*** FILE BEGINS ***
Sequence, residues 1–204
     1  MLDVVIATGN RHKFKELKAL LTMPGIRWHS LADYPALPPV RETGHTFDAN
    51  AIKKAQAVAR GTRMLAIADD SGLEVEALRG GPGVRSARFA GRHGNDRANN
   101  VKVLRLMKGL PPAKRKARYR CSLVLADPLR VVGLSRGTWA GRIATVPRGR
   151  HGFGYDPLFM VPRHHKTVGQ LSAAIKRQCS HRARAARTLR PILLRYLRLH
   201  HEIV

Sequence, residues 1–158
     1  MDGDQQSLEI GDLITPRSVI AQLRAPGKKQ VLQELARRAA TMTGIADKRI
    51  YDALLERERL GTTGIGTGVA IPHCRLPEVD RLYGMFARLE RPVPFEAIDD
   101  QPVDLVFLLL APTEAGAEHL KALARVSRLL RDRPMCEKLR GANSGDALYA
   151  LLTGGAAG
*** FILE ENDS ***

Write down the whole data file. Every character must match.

Sequence, residues 1–204
     1  MLDVVIATGN RHKFKELKAL LTMPGIRWHS LADYPALPPV RETGHTFDAN
    51  AIKKAQAVAR GTRMLAIADD SGLEVEALRG GPGVRSARFA GRHGNDRANN
   101  VKVLRLMKGL PPAKRKARYR CSLVLADPLR VVGLSRGTWA GRIATVPRGR
   151  HGFGYDPLFM VPRHHKTVGQ LSAAIKRQCS HRARAARTLR PILLRYLRLH
   201  HEIV

Sequence, residues 1–158
     1  MDGDQQSLEI GDLITPRSVI AQLRAPGKKQ VLQELARRAA TMTGIADKRI
    51  YDALLERERL GTTGIGTGVA IPHCRLPEVD RLYGMFARLE RPVPFEAIDD
   101  QPVDLVFLLL APTEAGAEHL KALARVSRLL RDRPMCEKLR GANSGDALYA
   151  LLTGGAAG